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Clin Neuropsychol. 2012;26(8):1255-77. doi: 10.1080/13854046.2012.735254.

Systematic variation of the severity of motor vehicle accident-related traumatic brain injury vignettes produces different post-concussion symptom reports.

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  • 1Clinical Neuropsychology Research Group, School of Psychology and Counselling, Queensland University of Technology, Brisbane, Australia. karen.sullivan@qut.edu.au

Abstract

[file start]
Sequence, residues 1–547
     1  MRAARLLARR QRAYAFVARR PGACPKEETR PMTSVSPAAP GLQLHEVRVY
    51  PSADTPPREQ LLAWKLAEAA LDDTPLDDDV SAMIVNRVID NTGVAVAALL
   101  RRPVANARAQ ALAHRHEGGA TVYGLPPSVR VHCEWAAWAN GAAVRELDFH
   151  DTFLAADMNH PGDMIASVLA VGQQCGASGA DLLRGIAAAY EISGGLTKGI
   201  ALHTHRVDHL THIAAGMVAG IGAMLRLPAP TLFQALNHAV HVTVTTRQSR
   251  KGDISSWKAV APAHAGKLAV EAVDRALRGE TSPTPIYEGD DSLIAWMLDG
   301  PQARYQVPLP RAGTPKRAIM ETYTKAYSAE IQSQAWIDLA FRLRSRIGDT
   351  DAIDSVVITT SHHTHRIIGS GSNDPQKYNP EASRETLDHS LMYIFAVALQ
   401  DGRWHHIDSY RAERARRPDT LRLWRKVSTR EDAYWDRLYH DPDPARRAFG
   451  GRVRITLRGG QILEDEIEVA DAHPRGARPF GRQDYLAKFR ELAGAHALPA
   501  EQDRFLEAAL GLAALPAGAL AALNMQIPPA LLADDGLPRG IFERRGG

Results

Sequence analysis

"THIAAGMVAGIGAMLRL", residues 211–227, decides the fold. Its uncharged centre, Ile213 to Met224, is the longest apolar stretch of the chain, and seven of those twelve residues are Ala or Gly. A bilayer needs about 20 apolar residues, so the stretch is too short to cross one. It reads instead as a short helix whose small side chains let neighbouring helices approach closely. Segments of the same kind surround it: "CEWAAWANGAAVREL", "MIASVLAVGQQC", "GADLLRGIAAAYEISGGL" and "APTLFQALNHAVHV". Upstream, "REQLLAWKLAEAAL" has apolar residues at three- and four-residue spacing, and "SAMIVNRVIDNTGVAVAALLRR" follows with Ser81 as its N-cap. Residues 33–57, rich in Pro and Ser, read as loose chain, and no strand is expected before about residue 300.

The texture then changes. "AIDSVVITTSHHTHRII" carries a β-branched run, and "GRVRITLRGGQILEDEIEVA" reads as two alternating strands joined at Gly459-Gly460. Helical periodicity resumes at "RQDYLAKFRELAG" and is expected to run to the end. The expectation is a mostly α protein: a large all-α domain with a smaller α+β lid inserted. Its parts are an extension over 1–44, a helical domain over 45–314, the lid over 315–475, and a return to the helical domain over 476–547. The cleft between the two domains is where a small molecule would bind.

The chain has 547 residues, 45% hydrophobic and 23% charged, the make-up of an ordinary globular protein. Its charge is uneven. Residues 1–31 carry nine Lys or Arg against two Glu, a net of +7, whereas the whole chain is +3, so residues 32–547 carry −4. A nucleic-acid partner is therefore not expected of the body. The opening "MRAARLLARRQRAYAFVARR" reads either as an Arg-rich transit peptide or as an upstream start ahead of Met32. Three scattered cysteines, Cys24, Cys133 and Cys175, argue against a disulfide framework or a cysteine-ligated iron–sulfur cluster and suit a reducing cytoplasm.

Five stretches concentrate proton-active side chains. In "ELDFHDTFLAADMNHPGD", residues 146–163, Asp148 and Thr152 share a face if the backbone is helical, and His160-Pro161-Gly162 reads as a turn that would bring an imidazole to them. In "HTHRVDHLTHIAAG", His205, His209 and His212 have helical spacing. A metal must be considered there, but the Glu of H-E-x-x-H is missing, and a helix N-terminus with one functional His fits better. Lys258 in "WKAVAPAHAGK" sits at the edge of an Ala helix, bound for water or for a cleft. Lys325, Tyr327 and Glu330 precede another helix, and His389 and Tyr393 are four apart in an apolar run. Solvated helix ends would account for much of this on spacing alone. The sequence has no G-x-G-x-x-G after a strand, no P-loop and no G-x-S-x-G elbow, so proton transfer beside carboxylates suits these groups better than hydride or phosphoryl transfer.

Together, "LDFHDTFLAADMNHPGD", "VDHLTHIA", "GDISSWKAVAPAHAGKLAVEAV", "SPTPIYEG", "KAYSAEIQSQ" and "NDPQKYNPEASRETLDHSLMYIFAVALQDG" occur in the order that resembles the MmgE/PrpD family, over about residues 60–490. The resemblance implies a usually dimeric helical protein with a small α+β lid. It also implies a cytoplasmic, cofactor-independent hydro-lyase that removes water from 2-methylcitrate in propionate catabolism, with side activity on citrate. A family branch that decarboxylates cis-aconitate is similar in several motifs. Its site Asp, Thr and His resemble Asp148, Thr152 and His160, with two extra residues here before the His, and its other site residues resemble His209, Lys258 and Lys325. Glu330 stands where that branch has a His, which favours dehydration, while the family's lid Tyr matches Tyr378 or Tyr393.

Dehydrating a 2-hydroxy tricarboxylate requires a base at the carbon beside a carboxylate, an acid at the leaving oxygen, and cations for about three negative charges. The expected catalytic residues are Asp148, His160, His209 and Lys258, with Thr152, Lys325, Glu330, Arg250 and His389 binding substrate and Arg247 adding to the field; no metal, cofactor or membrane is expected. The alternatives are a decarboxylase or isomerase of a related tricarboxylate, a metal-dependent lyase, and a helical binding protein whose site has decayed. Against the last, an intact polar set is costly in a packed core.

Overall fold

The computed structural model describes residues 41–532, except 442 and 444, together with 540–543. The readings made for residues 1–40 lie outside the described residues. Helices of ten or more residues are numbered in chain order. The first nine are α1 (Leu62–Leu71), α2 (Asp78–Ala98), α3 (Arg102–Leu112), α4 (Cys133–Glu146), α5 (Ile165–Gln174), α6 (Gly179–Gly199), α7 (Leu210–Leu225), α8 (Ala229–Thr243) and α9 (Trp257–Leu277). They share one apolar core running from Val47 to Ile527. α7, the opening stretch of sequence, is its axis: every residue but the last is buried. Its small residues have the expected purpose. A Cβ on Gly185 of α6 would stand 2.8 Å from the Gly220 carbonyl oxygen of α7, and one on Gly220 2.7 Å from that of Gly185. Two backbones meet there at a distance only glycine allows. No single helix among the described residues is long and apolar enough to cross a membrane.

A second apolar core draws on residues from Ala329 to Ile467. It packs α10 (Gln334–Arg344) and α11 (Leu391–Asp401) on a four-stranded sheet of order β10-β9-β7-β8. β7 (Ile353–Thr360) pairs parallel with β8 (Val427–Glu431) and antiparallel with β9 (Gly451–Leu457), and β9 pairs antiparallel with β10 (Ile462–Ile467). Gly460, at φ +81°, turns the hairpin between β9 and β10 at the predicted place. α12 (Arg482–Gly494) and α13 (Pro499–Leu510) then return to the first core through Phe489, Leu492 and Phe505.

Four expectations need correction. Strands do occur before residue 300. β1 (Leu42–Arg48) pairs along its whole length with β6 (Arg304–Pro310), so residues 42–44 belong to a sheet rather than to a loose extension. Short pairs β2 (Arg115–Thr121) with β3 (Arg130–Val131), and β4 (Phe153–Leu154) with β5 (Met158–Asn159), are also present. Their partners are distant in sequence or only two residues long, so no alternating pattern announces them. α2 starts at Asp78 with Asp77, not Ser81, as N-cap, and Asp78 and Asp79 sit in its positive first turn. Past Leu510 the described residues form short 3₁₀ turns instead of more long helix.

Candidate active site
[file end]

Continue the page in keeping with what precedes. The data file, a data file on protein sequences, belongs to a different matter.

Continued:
This study investigated the specificity of the post-concussion syndrome (PCS) expectation-as-etiology hypothesis. Undergraduate students (n = 551) were randomly allocated to one of three vignette conditions. Vignettes depicted either a very mild (VMI), mild (MI), or moderate-to-severe (MSI) motor vehicle-related traumatic brain injury (TBI). Participants reported the PCS and PTSD symptoms that they imagined the depicted injury would produce. Secondary outcomes (knowledge of mild TBI, and the perceived undesirability of TBI) were also assessed. After data screening, the distribution of participants by condition was: VMI (n = 100), MI (n = 96), and MSI (n = 71). There was a significant effect of condition on PCS symptomatology, F(2, 264) = 16.55, p < .001. Significantly greater PCS symptomatology was expected in the MSI condition compared to the other conditions (MSI > VMI; medium effect, r = .33; MSI > MI; small-to-medium effect, r = .22). The same pattern of group differences was found for PTSD symptoms, F(2, 264) = 17.12, p < .001. Knowledge of mild TBI was not related to differences in expected PCS symptoms by condition; and the perceived undesirability of TBI was only associated with reported PCS symptomatology in the MSI condition. Systematic variation in the severity of a depicted TBI produces different PCS and PTSD symptom expectations. Even a very mild TBI vignette can elicit expectations of PCS symptoms.

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